The more vitamin C that is swallowed at once, the lower the percentage absorbed. After taking 180 mg, between 80 and 90% can be absorbed. After taking 1000 mg, it is 60-75%. If 12 g of vitamin C are swallowed, only about 16% of it can be absorbed.

For this reason, it makes sense to take the intended amount of vitamin C in small doses throughout the day. This increases the organism's capacity to absorb. Based on the available studies, an amount between 100 and 200 mg per serving appears to be the most effective.

The amount of vitamin C that can be supplied to the organism via the gastrointestinal tract remains limited. In addition, many people suffer from inflammation of the gastrointestinal mucous membranes. This additionally hampers the recording. If individually different amounts of vitamin C are exceeded, diarrhea can occur.

If it makes sense from a therapeutic point of view to take in very high doses, high-dose vitamin C intake in the form of injections or, better still, infusions is recommended.

The vitamin C solution for infusion should be free of preservatives and stabilizers, otherwise there is an increased risk of allergies. An infusion solution that contains only sodium hydrogen carbonate in addition to vitamin C is best tolerated. Sodium hydrogen carbonate is important to maintain a near neutral pH. Otherwise the solution is too acidic for an infusion and not well tolerated. Your doctor or alternative practitioner will advise you on the possibilities of high-dose vitamin C infusions.

Which organs need a lot of vitamin C?

In humans, the adrenal gland, pituitary gland (pituitary gland), brain, spleen, liver and lungs are the organs with the highest vitamin C content. But the retina and white blood cells (leukocytes) are also very rich in this vitamin.

Interestingly, the vitamin C concentrations in the tissues and organs of animals, which can produce vitamin C themselves, are much higher than in humans.

What does ascorbic acid say in urine?

That actually just means that enough of this vitamin has been absorbed in the last few hours. Perhaps you are wondering why test strips, with which you can check certain properties of the urine, usually also determine the vitamin C content? This is because a lot of ascorbic acid in the urine can falsify the detection methods for other parameters. If a lot of vitamin C is excreted in the urine, this means that it is no longer possible to reliably measure glucose in the urine, for example. Incidentally, this also applies to blood withdrawals and blood sugar measurements directly after an infusion: The high vitamin C concentrations in the blood can falsify the detection methods for other blood parameters.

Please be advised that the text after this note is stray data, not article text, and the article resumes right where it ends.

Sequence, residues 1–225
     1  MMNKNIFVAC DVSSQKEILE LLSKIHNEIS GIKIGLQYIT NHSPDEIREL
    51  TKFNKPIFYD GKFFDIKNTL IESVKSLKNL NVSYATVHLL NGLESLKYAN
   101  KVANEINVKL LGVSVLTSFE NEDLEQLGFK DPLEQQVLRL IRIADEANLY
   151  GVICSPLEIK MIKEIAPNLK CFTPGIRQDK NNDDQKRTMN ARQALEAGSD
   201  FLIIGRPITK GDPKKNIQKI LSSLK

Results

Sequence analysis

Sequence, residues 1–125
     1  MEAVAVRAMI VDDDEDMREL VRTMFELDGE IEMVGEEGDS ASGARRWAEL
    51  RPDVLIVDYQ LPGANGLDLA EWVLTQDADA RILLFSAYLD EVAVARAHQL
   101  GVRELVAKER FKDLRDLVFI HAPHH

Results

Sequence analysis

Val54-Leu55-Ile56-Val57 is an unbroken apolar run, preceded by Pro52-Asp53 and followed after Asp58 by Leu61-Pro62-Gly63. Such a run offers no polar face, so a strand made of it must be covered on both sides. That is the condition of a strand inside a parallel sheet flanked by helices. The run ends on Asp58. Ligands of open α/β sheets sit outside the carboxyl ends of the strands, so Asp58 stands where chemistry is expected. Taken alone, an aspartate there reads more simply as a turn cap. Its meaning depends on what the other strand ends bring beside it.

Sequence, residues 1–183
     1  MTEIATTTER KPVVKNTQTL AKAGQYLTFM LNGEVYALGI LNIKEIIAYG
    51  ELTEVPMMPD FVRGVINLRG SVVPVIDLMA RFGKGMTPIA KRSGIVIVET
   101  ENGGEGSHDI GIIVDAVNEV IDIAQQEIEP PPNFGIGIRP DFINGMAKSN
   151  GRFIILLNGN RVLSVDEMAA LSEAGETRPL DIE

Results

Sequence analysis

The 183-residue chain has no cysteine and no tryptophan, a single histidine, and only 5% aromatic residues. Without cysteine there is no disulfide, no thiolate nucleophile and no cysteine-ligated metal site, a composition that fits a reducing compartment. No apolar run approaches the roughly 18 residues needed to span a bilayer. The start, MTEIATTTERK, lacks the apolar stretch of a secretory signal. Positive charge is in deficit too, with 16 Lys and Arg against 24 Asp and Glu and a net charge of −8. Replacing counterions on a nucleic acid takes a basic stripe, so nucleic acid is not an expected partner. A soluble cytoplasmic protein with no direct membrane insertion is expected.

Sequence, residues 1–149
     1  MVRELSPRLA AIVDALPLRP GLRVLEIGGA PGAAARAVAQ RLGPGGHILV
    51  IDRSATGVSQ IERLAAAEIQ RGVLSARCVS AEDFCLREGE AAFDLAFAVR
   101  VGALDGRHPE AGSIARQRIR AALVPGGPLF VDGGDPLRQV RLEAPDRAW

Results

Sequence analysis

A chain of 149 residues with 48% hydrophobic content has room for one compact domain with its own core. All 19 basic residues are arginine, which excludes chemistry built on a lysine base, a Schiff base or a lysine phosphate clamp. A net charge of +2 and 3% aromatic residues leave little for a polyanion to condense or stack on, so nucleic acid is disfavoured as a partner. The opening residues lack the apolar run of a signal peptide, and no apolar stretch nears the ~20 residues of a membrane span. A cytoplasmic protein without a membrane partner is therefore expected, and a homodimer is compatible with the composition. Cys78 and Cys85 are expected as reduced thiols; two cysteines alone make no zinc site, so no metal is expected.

Natural vitamin C or man-made vitamin C?

Our body and its cells cannot distinguish whether the ascorbic acid that is available has a natural origin or was produced in a laboratory. Of course, a healthy and natural diet with lots of fruit and vegetables is always better than the intake of artificial substances.

However, if vitamin C is used to treat certain diseases and is injected or infused for this purpose, the ascorbic acid must be completely pure. Contamination in the form of other plant ingredients could be very problematic. Therefore, the ascorbic acid used has to be manufactured in the laboratory. Sugar compounds, which are obtained from natural raw materials, serve as raw material. With the help of microorganisms, ascorbic acid is synthesized from this.

Such a highly pure ascorbic acid also has the advantage that no allergies can be triggered to the naturally occurring accompanying substances: The widespread citrus fruit allergies are not allergies to ascorbic acid, but to other typical ingredients of citrus fruits. The often fatal scurvy in particular shows that we would not be viable with a vitamin C allergy.

What is ascorbic acid important for?

Vitamin C was best known at the end of the 1970s through the Nobel Prize winner Linus Pauling. At that time he recognized the therapeutic benefits of this versatile vitamin. The Linus Pauling Institute in the United States carried out fundamental studies in the early 1980s that justified the use of this particular vitamin in serious illnesses. Intensive research has been carried out in the field of vitamin C therapy since the early 1990s.

Today we know: ascorbic acid is to be seen as an activator of the entire cell metabolism. It is thus involved in innumerable metabolic reactions in the human body. Here is an excerpt from the variety of functions:

Vitamin C contributes

  • to normal collagen formation for normal function of
    • Blood vessels
    • Bones and cartilage
    • Teeth and gums
    • Skin and hair
  • to a normal function
    • of the immune system, especially during and after intense exercise
    • of the nervous system
    • the psyche
  • to protect cells from oxidative stress
  • to reduce tiredness and fatigue
  • to regenerate the reduced form of vitamin E.
  • Increase in iron absorption
The talking compass of active ingredients

Find out more about vitamin C in a short clip with doctor and pharmacist Dr. Peter Reinhard.

Vitamin C - expert knowledge simply explained